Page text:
The press’s description? “In this biting satire, Matthew Binder takes surreal aim at the poses and pretensions of high art and fashion. With ruthless wit, Binder chronicles the struggles of Paul, an eccentric artist, and his companion dog, a disabled, quiche-obsessed terrier-mix named Blanche. Together they negotiate hilarious scenes of bad parties, bizarre couture, deranged friends, shady deals, unrequired love, sabotage, and inscrutable art. But there may be a way out for Paul when he meets James, a New Age guru and leader of a secretive cult: the Pure Cosmos Cub. Yet, every time Paul believes he’s ready for the “Ultimate Level,” James raises the price of entry. Just how far will Paul go for love, for art, and to attain cosmic oneness?”
For the full cover image and a statement from artist Keith Rondinelli, read on…
Tarot cards have played a significant role in a host of books over the years. The Literary Tarot, a new endeavor from Brink Literacy Project, puts a different spin on the relationship between the Tarot deck and the literary world. The contributors, including the likes of Kelly Link, Victor LaValle, and Kieron Gillen, paired specific books with specific cards, each one illustrating a deeper connection between the book’s themes and those of the card in question.
We’re pleased to publish Joseph Di Prisco’s introduction to the new anthology Simpsonistas: Tales from the Simpson Literary Project (Vol. 2). Di Prisco edited the volume; he’s also the Founding Chair of The Simpson Literary Project. The Simpson Literary Project has two objectives: “lasting educational outreach into schools, universities, and libraries, as well as celebrating and supporting authors across a great spectrum: from fledging young writers to mid-career writers of distinction to internationally celebrated authors.” In this essay, Di Prisco explores the recent state of literature and the work this nonprofit is doing.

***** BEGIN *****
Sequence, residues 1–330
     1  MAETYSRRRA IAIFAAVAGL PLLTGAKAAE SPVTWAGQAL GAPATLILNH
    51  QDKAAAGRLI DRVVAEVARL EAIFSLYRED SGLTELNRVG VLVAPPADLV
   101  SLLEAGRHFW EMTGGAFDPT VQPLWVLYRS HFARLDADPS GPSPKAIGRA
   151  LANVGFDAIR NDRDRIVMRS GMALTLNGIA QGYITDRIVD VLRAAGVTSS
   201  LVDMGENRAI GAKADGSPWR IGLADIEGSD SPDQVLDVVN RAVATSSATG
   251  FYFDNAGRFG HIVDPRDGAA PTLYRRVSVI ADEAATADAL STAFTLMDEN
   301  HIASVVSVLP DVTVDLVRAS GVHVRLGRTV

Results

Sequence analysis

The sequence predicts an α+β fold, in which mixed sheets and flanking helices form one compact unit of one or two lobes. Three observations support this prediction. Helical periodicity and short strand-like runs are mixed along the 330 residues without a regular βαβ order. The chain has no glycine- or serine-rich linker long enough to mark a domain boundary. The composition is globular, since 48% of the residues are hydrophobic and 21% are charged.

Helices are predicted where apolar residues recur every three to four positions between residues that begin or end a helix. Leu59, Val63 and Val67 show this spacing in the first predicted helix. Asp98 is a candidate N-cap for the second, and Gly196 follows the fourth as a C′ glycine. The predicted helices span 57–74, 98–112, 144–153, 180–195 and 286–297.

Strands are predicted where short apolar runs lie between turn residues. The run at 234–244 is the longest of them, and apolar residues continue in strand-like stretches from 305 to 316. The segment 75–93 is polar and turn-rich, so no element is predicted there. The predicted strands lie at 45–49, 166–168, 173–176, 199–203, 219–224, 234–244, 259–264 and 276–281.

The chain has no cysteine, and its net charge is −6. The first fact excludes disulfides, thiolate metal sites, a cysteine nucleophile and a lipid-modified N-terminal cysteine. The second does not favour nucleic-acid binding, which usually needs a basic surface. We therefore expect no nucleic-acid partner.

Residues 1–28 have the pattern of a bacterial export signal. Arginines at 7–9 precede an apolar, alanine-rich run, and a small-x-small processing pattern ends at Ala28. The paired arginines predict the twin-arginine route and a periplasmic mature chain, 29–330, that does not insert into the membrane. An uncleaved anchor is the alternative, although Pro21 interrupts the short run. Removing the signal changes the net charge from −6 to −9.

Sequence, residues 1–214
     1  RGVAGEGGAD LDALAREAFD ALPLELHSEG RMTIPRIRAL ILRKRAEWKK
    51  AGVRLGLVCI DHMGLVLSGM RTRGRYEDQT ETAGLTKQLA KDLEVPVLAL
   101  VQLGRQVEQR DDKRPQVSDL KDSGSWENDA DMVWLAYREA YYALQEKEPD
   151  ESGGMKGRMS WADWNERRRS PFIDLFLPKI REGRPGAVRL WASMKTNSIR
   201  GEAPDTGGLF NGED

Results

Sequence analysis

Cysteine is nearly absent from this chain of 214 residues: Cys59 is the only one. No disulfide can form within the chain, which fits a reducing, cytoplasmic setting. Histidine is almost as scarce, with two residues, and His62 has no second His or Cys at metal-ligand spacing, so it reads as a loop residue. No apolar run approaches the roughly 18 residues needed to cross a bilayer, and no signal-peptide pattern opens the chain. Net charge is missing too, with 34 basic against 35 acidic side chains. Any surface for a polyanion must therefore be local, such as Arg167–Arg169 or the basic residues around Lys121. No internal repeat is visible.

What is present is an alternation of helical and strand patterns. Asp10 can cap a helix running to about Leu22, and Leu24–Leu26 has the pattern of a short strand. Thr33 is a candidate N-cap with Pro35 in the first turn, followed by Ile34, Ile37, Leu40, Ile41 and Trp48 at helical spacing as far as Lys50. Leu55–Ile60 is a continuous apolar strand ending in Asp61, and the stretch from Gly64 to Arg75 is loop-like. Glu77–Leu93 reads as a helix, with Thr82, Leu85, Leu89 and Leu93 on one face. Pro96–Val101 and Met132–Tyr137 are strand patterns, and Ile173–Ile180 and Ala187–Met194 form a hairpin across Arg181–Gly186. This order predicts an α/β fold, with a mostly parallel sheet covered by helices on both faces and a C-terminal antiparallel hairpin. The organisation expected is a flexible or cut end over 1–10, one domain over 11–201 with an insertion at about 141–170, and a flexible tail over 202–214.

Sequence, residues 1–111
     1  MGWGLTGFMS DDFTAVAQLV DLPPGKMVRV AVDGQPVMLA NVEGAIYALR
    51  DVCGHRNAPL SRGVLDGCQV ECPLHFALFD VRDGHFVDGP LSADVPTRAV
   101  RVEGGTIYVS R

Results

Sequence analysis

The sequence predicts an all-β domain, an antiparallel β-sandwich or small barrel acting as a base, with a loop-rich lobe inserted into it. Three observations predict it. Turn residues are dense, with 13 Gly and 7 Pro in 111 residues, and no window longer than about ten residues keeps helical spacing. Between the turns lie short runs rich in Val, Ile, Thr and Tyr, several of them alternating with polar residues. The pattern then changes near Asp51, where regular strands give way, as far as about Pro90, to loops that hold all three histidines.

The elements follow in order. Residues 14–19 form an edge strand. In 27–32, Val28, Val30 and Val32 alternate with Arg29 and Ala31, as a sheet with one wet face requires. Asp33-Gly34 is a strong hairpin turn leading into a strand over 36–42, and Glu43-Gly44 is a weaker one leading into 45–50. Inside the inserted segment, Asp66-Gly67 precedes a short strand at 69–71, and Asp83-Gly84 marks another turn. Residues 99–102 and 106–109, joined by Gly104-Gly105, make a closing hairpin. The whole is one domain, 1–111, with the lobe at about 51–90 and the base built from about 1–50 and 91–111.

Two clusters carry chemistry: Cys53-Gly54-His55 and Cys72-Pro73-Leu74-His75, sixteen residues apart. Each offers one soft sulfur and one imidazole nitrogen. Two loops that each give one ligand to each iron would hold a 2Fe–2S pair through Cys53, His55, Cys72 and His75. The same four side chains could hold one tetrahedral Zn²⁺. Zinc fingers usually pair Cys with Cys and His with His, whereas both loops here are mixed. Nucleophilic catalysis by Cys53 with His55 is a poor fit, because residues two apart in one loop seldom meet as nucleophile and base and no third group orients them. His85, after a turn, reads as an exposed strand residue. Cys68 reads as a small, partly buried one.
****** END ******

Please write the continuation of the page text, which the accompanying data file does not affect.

Throughout his life, Alfred Jarry rarely held still. His is a body of work which defies easy classification, even in its more granular forms. As a writer alone, Jarry’s writings include fiction, plays, essays, and philosophy — and his work as a writer only accounts for a fraction of the art created in his 34 years on this planet.
Lance Olsen’s new novel My Red Heaven follows a host of characters in Berlin over the course of one day in 1927. At times, Olsen’s prose tells of artistic breakthroughs; at others, such as the excerpt featured here, he gradually takes the reader into a more nightmarish space. In the midst of Modernism’s rise, Olsen pays homage to Modernist writing, even as he pushes onwards into haunting historical vistas. My Red Heaven will be released by Dzanc Books on January 21st.
The film adaptation of Jonathan Lethem’s 1999 novel Motherless Brooklyn has been in the works for a while. In a 2010 interview, Edward Norton said, “I think I would definitely like to act in it but the directing thing I think we’ll have to wait and see.” Things have changed since then: for the finished film, Norton served as writer, director, and star. Much like the character he once voiced on The Simpsons, Norton is indeed a triple threat.